|Starring||Natalie Portman, Ashton Kutcher, Kevin Kline, Ophelia Lovibond, Greta Gerwig, Mindy Kaling, Chris Ludacris Bridges|
|Release||21 JAN (US) 25 FEB (UK) Certificate 15|
This sex-com is directed by Ivan Reitman, which means precisely nothing in 2011 other than the fact it mercifully makes Ghostbusters III that little bit further in the distance. In a jaw-dropping gender reversal (*gawps*), Ashton Kutcher plays the soft and sensitive type who falls for Natalie Portman's feisty, independent woman (*snaps fingers*) who simply doesn't have time for relationships and has an "emotional peanut allergy" to the word love. Neither character are especially sympathetic or make for particularly good company, nor do you hope for them to end up with one another. It's a no-score draw, romance-wise.
Still, Kutcher and Portman insist on boning each other relentlessly - though without the nudity offered by fellow A-list wank-drama Love And Other Drugs - and fool themselves that sex is enough: that feelings must never come into the equation. Which is obviously a recipe for lingering close-ups, an indie soundtrack and a play-by-play from the Big Book Of Quirky Relationships, including bringing your date a bunch of carrots after she specifically asked for "no flowers". Cute, but what the fuck are you supposed to do with a bunch of carrots all night? Eat them? Throw them away? Insert them into yourself?
No Strings Attached drops plenty of big, obvious hints that the two leads will - gasp - fall in love, yet insists on using every contrivance possible to keep them apart, including an agonising final third which seems to go on forever. You're familiar with the now-customary 'race to the airport'-style mad dash finale? There's one of them, plus an extra half-hour of will-they/won't-they horseshit before the shocking conclusion that, yes, they will. And all you have to do is sit through Natalie Portman being a bitch and Ashton Kutcher being a dick for what seems like a lifetime.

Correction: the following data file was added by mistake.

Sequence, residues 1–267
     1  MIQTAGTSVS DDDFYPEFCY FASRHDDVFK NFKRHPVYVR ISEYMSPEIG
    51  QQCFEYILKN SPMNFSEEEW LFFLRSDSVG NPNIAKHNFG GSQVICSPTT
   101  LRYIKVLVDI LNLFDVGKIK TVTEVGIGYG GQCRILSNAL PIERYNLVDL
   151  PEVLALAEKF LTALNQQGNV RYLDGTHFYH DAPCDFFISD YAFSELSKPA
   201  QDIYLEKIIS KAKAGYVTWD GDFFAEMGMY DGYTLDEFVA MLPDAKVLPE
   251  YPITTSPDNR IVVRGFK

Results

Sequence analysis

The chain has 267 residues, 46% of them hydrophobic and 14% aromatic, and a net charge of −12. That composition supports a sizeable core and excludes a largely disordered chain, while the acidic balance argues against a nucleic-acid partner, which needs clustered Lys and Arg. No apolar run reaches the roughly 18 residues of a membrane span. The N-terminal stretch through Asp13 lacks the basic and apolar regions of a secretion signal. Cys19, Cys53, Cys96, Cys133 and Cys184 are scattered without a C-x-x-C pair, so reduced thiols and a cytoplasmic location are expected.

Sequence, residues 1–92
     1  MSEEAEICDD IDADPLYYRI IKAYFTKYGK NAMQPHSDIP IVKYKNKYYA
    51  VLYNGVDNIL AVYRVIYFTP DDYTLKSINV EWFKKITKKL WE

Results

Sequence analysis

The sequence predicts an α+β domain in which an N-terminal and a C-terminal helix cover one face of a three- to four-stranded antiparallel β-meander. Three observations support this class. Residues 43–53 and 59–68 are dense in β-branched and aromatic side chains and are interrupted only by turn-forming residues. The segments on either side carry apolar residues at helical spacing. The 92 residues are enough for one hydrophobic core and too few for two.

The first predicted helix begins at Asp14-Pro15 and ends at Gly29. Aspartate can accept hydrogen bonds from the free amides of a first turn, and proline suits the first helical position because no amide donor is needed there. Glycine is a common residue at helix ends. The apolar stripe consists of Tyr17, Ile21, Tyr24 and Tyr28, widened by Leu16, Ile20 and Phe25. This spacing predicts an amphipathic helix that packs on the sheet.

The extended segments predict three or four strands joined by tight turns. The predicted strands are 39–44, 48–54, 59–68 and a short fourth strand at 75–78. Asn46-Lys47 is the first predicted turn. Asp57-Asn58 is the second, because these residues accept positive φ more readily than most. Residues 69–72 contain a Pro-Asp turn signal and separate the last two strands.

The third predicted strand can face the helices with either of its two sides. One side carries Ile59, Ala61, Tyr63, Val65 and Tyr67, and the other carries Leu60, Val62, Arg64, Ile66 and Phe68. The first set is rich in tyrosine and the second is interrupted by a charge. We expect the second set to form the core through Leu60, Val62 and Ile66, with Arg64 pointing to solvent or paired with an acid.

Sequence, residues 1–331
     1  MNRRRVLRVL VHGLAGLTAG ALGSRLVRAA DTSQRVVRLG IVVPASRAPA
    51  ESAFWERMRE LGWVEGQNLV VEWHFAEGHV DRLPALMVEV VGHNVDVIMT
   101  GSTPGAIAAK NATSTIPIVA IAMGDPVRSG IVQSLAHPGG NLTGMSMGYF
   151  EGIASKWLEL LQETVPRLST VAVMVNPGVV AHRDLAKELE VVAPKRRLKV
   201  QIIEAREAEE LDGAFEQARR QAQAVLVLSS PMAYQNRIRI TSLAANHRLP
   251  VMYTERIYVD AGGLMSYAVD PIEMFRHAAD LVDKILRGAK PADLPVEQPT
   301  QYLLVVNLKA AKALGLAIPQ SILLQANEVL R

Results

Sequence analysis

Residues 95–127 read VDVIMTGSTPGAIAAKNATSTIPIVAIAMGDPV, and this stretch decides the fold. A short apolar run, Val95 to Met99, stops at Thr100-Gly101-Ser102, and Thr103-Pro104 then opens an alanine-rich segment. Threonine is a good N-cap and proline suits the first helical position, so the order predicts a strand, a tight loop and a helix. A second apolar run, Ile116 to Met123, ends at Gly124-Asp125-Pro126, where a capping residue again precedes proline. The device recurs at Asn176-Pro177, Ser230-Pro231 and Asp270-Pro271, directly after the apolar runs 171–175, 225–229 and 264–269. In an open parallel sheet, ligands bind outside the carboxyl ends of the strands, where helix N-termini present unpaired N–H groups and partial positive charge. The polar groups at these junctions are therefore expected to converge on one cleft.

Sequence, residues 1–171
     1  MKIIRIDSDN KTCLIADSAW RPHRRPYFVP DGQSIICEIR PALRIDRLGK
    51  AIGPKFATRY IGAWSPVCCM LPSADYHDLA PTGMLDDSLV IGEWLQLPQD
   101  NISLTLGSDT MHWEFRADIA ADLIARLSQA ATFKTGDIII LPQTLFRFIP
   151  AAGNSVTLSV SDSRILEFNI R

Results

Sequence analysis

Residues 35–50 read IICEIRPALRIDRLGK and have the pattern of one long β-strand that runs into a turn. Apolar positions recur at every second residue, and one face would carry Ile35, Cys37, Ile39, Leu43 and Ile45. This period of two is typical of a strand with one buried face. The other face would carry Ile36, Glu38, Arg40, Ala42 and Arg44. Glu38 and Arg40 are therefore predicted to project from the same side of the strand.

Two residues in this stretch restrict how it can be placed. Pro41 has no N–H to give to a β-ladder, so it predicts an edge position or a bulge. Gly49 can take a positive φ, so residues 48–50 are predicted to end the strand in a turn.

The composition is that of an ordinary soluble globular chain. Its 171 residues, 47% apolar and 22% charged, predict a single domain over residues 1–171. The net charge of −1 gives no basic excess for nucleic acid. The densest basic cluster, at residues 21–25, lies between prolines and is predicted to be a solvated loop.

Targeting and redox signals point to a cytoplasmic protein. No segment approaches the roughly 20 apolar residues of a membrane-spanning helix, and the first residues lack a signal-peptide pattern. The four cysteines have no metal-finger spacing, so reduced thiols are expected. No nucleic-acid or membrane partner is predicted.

It's the kind of film that's so worried it might offend you, it pairs up every single character in the post-credits montage (except Ludacris, the only black guy - presumably balla got to eat da pussy), just in case you didn't understand that TRUE LOVE ALWAYS PREVAILS. It's insulting, frankly, and entirely unnecessary - it's bad enough you have two leads with no chemistry, but turning a character gay just for a cheap gag? Lazy.
This kind of film is expected from Kutcher, who to be fair, is less smug than usual here, but at the opposite end of the 'could do better' sliding scale sits Natalie Portman, who can consider this her 'off polishing her Oscar' movie - a welcome breather and a nice paycheque between films of merit. However, that doesn't excuse sloppy writing, poor characterisation and an artless script that leans heavy on every cliché available. Audiences and Natalie Portman alike, listen up. You. Can. Do. Better.